Estimations of MAT using NaK, PWI, and PPM1.0 are all clearly too low given the equatorial setting of the locality and presence of taxa that currently inhabit thermic to hyperthermic climate zones (e.g., crocodilians and turtles). Instead we suggest that MAT was probably considerably warmer and similar to fossil leaf estimates from Rusinga Island of 23–35°C (Michel et al., 2014). Paleosol studies frequently find the results from elemental proxies for MAT are below reasonable values, primarily because MAT is much less important in controlling soil weathering compared to other variables, such as MAP (e.g., Stinchcomb et al., 2016).



Multiple lines of evidence suggest that paleosols in NG15 formed under open canopy conditions with predominantly herbaceous vegetation. Root traces are abundant and occur in multiple morphologies, including calcareous rhizoliths, clay- and Fe-lined root pores, and as drab haloes. Drab halo root traces do not preserve original root dimensions (Retallack, 2008); however, calcareous rhizoliths and clay- and Fe-lined pores likely record primary root diameters. All observed root traces are less than ca. 5 mm, consistent with herbaceous roots.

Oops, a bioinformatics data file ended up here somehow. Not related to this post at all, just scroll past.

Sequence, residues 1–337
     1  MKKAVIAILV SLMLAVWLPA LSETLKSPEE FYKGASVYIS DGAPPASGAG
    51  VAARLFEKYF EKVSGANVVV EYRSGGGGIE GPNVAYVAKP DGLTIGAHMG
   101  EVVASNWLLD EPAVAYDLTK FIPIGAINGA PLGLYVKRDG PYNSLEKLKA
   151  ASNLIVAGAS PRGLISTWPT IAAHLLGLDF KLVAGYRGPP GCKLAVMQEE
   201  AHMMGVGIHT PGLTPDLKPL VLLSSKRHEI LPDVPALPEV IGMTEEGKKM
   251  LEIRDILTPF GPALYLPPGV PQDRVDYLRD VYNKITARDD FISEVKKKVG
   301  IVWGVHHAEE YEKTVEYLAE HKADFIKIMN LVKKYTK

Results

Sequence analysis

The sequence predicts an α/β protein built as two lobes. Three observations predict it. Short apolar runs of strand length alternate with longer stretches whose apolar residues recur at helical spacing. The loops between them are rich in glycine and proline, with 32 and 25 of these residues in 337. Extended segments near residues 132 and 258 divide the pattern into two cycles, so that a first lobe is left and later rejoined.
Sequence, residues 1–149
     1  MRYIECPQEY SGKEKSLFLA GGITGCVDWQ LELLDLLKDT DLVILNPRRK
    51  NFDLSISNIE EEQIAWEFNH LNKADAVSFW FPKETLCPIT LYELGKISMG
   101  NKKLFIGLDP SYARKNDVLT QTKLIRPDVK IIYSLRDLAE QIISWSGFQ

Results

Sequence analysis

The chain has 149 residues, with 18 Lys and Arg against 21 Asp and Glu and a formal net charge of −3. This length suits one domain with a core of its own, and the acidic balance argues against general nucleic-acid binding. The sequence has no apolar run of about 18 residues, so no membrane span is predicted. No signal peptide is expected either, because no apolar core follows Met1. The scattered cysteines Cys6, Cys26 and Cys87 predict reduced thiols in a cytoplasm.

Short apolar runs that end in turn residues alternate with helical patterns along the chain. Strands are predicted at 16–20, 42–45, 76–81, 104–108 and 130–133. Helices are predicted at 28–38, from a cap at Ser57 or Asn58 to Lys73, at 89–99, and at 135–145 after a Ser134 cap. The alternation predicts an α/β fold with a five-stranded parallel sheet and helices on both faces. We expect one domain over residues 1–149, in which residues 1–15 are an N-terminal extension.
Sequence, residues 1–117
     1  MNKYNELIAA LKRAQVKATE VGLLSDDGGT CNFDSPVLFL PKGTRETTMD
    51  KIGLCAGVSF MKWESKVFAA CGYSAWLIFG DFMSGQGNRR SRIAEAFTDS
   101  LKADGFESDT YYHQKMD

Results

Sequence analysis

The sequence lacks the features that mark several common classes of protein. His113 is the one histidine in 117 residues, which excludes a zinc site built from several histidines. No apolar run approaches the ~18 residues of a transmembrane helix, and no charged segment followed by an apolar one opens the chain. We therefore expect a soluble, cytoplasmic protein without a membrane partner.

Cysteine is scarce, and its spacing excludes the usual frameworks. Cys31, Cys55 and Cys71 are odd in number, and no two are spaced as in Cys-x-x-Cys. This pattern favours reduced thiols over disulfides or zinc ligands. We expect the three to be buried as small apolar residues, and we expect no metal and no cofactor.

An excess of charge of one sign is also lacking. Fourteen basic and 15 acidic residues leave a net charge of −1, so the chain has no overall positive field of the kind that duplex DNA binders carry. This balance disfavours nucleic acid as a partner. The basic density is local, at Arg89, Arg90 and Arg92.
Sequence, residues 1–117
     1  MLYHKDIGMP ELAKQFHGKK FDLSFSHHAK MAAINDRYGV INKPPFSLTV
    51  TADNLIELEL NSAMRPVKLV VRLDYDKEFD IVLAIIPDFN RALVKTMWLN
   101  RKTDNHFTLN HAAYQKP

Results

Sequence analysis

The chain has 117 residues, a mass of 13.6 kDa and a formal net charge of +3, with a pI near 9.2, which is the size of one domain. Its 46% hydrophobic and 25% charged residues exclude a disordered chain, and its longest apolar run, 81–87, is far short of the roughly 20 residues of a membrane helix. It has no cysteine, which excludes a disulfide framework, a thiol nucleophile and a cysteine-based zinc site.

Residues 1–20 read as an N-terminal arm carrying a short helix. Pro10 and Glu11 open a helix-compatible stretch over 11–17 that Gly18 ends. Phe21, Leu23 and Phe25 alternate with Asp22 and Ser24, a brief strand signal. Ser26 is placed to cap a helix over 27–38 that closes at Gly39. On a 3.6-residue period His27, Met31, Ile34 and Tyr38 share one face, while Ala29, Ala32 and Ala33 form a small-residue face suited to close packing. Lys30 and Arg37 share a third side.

Further, δ13C values of pedogenic carbonates are surprisingly high, and cannot be explained by water-stressed C3 vegetation under the boundary conditions of modern terrestrial vegetation δ13C values (Kohn, 2010). The weak, negative relationship between δ13C and δ18O values (r = −0.58) negates the possibility that high δ13C values (i.e., water stressed vegetation) are associated with evaporative enrichment of soil water in 18O, a circumstance observed in some lacustrine settings (Ufnar et al., 2008). The most parsimonious explanation of highly enriched δ13C signatures of pedogenic carbonates is the presence of C4-photosynthesizing biomass. Most of the measured δ13C values fall within the range of modern wooded grassland (roughly −2.4%0 to −6.9%0), with only three samples within the range of woodland/bushland/shrubland biomes (roughly −6.9%0 to −12%0) (Cerling et al., 2011).